Dyslexia and Related Disorders
Framework (What’s Required):
Methods (What We Do):
Dyslexia" means a disorder of constitutional origin manifested by a difficulty in learning to read, write, or spell, despite conventional instruction, adequate intelligence, and sociocultural opportunity TEC 38.003(d)(1). Because early intervention is critical, a program for early identification, intervention, and support for students with dyslexia and related disorders must be available in each district as outlined in the Dyslexia Handbook Procedures Concerning Dyslexia and Related Disorders, 19 TAC 74.28(g), TEC 38.003(b) and TEC 38.003(c).
The board of trustees of a school district must ensure that procedures for identifying a student with dyslexia or a related disorder are implemented in the district 19 TAC 74.28(a) and TEC 38.003(c). A school district's strategies for screening dyslexia and related disorders must be implemented in accordance with the Dyslexia Handbook Procedures Concerning Dyslexia and Related Disorders. A school district's techniques for treating dyslexia and related disorders must be implemented in accordance with the Dyslexia Handbook Procedures Concerning Dyslexia and Related Disorders. Screening should only be done by individuals/professionals who are trained to assess students for dyslexia and related disorders 19 TAC 74.28(b).
Students who experience characteristics consistent with dyslexia or related disorders such as dyscalculia, and dysgraphia may be identified under the Texas dyslexia law, Section 504, and/or special education.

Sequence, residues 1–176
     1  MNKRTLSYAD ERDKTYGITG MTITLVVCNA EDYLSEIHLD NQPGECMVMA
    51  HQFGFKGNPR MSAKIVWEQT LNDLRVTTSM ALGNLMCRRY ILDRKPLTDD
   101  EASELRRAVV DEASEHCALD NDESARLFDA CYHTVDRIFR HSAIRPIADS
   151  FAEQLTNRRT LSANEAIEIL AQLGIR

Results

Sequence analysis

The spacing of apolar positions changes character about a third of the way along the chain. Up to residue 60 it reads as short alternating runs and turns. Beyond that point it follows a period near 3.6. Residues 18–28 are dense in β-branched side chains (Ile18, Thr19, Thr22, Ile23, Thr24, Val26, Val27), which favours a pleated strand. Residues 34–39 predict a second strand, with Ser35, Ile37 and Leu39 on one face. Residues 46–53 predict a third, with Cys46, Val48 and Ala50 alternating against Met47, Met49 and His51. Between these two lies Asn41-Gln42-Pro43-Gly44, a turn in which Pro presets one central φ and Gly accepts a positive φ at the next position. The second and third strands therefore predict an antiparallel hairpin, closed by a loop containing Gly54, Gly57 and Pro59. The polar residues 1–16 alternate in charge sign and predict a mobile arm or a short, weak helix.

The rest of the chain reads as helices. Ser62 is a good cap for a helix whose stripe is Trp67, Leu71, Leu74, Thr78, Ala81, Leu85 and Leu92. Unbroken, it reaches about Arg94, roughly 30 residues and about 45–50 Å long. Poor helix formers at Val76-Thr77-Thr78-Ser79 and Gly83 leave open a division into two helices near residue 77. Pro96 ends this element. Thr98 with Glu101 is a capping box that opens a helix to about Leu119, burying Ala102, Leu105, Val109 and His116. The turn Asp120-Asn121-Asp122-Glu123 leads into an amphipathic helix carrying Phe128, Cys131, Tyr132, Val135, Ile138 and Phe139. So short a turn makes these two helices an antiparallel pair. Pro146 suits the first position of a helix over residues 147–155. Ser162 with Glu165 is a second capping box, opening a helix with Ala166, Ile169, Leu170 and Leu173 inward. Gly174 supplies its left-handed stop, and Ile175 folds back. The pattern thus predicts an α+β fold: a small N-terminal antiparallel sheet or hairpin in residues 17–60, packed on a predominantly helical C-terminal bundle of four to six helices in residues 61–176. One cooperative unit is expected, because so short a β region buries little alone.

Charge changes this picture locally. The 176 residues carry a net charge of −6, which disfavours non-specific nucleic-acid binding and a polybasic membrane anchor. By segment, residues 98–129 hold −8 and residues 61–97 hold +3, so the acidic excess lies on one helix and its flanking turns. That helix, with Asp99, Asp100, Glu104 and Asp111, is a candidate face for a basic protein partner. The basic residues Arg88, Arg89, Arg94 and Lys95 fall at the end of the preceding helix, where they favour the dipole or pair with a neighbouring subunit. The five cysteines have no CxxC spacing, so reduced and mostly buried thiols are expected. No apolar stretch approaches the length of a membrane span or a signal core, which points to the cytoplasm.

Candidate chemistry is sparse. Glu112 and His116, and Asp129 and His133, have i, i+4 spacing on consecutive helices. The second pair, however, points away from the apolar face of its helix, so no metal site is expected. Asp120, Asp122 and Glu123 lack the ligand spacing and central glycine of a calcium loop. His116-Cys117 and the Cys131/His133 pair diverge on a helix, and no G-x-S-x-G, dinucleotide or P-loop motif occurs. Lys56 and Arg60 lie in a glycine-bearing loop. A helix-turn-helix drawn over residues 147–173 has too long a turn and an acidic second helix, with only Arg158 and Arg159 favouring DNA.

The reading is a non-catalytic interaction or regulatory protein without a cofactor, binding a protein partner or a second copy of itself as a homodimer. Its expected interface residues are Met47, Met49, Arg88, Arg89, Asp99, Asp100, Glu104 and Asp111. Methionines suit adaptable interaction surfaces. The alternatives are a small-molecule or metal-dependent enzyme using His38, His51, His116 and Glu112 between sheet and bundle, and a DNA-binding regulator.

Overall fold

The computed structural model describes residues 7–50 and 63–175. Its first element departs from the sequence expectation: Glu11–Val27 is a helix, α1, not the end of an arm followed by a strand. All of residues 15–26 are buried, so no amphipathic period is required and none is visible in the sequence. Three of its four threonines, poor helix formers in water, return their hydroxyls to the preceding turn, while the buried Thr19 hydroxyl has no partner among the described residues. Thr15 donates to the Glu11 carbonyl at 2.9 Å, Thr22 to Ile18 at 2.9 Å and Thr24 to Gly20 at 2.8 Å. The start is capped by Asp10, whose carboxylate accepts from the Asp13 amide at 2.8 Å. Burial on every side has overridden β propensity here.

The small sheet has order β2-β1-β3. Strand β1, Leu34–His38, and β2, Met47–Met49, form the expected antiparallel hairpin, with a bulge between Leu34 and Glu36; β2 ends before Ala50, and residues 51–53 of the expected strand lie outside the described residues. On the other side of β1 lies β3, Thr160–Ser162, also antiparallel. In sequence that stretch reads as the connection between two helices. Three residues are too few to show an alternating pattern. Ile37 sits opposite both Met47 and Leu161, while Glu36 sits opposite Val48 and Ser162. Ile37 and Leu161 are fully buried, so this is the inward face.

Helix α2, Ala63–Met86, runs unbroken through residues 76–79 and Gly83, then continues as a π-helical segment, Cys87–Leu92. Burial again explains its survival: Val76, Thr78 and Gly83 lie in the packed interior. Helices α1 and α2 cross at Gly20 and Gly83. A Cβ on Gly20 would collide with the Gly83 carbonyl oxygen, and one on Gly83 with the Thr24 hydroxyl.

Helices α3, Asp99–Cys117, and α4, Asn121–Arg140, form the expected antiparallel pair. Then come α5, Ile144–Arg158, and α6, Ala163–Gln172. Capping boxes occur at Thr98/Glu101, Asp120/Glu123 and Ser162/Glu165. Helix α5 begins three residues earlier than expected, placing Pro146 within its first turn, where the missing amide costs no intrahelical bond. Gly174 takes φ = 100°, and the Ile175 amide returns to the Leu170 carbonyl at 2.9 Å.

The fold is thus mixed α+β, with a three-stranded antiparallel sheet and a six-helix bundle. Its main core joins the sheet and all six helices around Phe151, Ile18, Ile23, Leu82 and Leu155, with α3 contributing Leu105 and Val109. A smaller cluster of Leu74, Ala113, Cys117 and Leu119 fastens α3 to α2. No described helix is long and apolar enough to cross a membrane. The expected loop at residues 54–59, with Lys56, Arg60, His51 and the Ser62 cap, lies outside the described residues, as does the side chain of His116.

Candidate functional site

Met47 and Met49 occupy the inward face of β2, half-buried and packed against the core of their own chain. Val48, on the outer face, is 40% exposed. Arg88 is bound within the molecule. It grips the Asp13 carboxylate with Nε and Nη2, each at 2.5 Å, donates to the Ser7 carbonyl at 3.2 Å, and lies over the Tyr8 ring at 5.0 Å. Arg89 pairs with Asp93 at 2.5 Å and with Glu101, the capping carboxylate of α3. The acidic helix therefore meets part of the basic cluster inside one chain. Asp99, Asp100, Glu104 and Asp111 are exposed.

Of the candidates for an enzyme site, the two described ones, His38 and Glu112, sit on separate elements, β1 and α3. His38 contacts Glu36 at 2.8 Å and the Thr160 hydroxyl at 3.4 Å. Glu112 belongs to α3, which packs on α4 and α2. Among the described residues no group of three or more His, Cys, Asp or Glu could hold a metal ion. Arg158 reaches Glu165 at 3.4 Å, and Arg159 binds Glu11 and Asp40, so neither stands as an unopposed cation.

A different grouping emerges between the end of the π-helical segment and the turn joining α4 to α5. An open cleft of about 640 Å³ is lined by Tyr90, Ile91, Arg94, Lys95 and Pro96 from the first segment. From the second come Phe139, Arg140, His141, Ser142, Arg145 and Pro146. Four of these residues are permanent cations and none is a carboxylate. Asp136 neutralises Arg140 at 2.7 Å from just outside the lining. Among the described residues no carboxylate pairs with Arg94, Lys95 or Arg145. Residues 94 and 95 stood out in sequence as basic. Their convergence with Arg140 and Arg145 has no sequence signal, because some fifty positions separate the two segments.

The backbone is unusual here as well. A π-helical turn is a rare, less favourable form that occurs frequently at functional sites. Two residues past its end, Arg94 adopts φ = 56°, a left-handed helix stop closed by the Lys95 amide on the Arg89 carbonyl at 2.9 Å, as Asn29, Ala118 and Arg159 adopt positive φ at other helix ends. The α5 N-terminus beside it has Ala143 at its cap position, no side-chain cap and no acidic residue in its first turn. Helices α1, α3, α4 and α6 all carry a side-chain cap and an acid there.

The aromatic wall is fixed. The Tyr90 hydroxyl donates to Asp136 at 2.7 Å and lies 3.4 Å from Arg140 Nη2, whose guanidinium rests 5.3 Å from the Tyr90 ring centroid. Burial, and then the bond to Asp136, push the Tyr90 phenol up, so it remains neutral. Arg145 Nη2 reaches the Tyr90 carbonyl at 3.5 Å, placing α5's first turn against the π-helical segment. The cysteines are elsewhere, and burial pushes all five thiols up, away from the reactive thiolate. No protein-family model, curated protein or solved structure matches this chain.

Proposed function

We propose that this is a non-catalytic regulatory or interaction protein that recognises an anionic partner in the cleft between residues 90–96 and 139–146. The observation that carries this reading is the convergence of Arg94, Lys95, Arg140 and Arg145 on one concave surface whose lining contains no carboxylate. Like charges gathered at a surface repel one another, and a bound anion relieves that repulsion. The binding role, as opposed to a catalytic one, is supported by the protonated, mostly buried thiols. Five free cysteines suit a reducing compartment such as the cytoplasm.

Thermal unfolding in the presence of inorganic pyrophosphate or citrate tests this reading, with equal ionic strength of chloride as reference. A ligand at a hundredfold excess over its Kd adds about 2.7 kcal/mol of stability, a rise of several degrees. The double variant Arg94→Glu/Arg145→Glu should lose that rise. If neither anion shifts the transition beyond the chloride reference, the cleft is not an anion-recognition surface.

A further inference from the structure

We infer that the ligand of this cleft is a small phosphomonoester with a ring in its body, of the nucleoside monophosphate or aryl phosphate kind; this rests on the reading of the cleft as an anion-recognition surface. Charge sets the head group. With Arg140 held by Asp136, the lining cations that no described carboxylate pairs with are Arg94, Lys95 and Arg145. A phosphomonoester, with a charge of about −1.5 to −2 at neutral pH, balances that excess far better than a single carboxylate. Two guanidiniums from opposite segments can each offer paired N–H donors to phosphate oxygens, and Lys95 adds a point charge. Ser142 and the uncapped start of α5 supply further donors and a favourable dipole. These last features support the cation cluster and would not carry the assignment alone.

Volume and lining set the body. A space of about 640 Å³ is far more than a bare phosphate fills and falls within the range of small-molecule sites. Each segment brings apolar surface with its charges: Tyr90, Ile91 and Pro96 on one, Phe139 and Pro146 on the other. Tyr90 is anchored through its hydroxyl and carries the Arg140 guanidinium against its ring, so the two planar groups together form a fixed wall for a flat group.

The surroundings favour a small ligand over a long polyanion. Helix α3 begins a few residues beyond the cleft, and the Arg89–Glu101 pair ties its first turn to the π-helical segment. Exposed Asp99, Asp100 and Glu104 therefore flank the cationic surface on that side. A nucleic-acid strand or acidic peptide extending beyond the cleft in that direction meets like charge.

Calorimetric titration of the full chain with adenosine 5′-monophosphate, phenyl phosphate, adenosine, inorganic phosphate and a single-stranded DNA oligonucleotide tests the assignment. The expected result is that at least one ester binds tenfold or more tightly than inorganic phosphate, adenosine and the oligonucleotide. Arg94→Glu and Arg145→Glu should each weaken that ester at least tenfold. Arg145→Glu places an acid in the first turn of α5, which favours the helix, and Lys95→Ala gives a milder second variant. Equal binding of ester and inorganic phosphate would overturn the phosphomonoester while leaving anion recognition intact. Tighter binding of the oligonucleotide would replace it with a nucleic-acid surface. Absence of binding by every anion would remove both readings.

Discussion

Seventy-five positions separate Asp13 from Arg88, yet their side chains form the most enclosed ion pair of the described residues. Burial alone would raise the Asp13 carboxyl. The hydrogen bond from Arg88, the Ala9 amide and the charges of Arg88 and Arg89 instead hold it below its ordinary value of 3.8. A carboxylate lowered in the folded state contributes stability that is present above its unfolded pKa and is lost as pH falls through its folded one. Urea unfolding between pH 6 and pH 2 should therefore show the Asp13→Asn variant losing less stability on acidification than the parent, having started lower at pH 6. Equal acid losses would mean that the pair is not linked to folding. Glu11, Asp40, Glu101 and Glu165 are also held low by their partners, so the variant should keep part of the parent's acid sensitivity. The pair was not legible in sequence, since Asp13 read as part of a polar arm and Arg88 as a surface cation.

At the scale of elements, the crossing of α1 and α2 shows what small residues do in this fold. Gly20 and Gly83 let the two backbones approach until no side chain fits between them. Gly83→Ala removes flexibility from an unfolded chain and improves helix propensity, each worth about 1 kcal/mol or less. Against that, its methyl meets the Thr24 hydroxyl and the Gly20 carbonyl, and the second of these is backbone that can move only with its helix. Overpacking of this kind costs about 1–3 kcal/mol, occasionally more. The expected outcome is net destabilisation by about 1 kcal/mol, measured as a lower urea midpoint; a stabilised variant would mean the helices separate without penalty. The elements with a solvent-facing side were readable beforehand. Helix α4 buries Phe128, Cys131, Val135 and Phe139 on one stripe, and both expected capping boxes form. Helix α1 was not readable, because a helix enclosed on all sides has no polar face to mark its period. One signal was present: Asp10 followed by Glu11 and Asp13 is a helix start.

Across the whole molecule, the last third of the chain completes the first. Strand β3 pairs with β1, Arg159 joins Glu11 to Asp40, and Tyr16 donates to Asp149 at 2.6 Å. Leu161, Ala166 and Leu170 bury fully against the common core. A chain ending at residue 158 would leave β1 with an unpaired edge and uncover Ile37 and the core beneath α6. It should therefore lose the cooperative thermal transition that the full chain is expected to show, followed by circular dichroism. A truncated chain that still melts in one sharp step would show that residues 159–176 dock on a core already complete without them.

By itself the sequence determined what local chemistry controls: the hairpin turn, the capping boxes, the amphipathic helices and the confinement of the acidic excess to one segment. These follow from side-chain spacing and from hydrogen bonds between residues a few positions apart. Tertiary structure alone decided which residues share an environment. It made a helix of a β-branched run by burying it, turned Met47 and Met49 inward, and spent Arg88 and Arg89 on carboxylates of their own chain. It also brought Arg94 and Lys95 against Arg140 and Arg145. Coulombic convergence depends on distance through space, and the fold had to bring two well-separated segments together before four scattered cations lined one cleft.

Dyslexia is characterized by a difficulty in the development of:
- phonemic awareness - the ability to identify and combine sounds that make up words (e.g., “mad” as /m/a/d/)
- sound manipulation - moving or changing individual sounds in a word (e.g., change “mad” to “bad”)
- single word decoding – the ability to read single words in isolation (without context)
- reading fluency - the ability to read quickly and accurately to increase comprehension
- spelling - the ability to name or write letters in correct sequence to form words
Dyscalculia is a condition that affects the ability to acquire arithmetical skills. Dyscalculia learners may have difficulty understanding simple number concepts, lack an intuitive grasp of numbers, and have problems learning number facts and procedures. Even if they produce a correct answer or use a correct method, they may do so mechanically and without confidence (The Dyslexia Center - DfES 2001).
Dysgraphia is a learning disability that affects the act of writing and often leads to difficulties in organizing letters, spelling, handwriting, and/or putting thoughts on paper. Dysgraphia can often result from visual-spatial and language processing deficits.
Support for students demonstrating these types of reading difficulties may be provided through Response to Intervention (RtI), Section 504, or special education.